The highest court in America yesterday threw out a decision to quash the conviction of a Briton who has been on death row for 18 years.
His family was hoping for a retrial at which new evidence would clear his name, but prosecutors lodged an appeal against the ruling.
Now the Supreme Court has found that the 6th US Circuit Court of Appeals was wrong to rule in his favour, and has directed the judges to reconsider their decision.
Richey, 41, who was brought up in Edinburgh and moved to America when he was 18, has been on death row since 1987 for killing two-year-old Cynthia Collins in Columbus Grove, Ohio.
This compelling evidence was submitted to support a bid for a hearing to allow Kenny’s defence team to show that the case was a tragic miscarriage of justice.
The state prosecution did not dispute the accuracy of the new evidence.
Prosecution Dan Gershutz said, “Even though this new evidence may establish Mr Richey’s innocence, the Ohio and United States constitution nonetheless allow him to be executed because the prosecution did not know that the scientific testimony offered at the trial was false and unreliable.”
– Quoted at The Official Kenney Richey Campaign site
A prosecutor was trying to block a death row inmate from having his conviction reopened on the basis of new evidence, and Judge Stith, of the Missouri Supreme Court, was getting exasperated. “Are you suggesting,” she asked the prosecutor, that “even if we find Mr. Amrine is actually innocent, he should be executed?”
Frank A. Jung, an assistant state attorney general, replied, “That’s correct, your honor.”
That exchange was, legal experts say, unusual only for its frankness.
After a trial and appeal, many prosecutors say, new evidence of claimed innocence should generally not be considered by the courts.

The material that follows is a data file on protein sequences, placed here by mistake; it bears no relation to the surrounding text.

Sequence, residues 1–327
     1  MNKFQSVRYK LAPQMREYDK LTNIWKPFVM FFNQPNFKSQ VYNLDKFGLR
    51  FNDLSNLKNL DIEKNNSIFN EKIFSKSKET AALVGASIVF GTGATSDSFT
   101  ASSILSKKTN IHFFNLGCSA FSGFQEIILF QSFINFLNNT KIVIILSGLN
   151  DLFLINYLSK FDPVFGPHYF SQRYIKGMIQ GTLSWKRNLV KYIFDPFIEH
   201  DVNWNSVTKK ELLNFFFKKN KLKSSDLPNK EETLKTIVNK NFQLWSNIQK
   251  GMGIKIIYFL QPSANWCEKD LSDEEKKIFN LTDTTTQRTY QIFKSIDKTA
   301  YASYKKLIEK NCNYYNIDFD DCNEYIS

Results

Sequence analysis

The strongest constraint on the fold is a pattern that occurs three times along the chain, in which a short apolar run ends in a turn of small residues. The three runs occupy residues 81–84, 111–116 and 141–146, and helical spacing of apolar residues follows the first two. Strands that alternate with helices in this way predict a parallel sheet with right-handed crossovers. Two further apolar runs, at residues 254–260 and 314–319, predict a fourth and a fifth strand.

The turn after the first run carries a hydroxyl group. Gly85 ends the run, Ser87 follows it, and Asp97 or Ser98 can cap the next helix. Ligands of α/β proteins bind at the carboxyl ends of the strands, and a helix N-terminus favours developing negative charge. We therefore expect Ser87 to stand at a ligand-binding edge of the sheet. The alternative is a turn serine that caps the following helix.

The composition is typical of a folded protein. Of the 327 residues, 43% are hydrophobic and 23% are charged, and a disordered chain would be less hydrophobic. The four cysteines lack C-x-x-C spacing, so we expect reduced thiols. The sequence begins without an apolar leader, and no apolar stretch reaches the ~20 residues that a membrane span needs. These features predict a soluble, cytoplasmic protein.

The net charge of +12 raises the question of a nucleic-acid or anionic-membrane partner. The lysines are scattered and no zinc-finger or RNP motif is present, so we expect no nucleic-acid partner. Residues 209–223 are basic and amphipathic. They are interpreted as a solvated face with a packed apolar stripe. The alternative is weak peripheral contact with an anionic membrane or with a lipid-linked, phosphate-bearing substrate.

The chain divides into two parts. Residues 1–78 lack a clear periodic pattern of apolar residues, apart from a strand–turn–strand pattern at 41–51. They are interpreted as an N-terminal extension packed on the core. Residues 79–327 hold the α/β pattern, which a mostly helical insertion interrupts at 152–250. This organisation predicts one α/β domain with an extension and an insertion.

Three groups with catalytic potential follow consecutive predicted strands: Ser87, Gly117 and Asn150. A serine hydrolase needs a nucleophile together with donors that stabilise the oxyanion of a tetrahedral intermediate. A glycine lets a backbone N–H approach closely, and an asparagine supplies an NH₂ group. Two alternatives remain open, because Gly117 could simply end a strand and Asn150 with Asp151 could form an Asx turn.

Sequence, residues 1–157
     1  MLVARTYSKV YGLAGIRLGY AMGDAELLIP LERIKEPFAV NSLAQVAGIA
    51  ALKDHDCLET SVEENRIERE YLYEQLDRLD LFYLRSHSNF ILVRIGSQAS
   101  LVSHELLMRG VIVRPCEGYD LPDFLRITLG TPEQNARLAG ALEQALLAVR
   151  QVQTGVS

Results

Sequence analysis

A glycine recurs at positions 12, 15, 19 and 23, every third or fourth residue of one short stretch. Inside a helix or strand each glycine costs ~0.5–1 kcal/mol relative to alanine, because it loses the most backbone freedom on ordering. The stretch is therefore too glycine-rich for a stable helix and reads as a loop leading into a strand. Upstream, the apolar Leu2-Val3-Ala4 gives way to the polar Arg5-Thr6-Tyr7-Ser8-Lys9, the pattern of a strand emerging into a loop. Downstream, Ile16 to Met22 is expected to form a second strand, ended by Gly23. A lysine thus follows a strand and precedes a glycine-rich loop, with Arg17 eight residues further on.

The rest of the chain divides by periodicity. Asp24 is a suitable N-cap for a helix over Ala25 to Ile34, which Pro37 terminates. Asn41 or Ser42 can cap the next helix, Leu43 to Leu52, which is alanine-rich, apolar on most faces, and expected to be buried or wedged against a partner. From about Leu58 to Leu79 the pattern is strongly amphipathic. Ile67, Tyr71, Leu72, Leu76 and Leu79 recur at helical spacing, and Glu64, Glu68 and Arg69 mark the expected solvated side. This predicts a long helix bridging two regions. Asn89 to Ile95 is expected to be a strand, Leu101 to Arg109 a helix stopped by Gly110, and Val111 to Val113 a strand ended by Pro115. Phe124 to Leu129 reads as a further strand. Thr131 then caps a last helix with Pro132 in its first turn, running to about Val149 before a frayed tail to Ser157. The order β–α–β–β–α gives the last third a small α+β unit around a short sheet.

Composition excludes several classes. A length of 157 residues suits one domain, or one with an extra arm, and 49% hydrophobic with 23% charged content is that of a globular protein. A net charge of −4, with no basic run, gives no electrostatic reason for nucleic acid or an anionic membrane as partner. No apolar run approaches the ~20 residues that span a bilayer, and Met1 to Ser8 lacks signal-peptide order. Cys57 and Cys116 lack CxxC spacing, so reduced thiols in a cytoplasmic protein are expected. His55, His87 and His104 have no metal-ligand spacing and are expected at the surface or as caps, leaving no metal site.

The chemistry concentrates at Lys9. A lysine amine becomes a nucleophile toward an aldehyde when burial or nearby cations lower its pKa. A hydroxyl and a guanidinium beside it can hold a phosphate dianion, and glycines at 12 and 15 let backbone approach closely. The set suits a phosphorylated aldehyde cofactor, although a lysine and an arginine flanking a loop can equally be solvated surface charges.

Newspaper report on a different case
He has always claimed he was the victim of a miscarriage of justice, and his family hoped after a long campaign that he would be set free.
The lower court ruled in January that he had not received proper legal assistance at his original trial, and that there was no proof he intended to kill the girl. It said Richey was outside the apartment at the time and risked his life to save the child.
According to Richey’s lawyer, Kenneth Parsigian, investigators initially concluded that a faulty fan caused the fire, and the building manager threw out carpets and other potential evidence before the trial.
Pope John Paul II wrote a letter backing his cause, and 150 MPs signed a motion backing his claim of innocence after Tony Blair promised to look into the case.
Prosecutors at his trial claimed he started the fire in a bid to harm his former girlfriend, who was in the apartment with her new boyfriend.
He was sentenced to death by the electric chair following a four-and-a-half day trial. Since then, 13 dates have been set for his execution.
His brother Steve, 39, speaking from his home in Cloverdale, Ohio, said the family was “crushed” by the latest decision and now felt he would never be set free.
He said: “I just can’t take it in. This was the last thing we expected to happen.
“I talked to him last week and we thought that because there had been no news that something good would happen. Boy, we were so wrong.”
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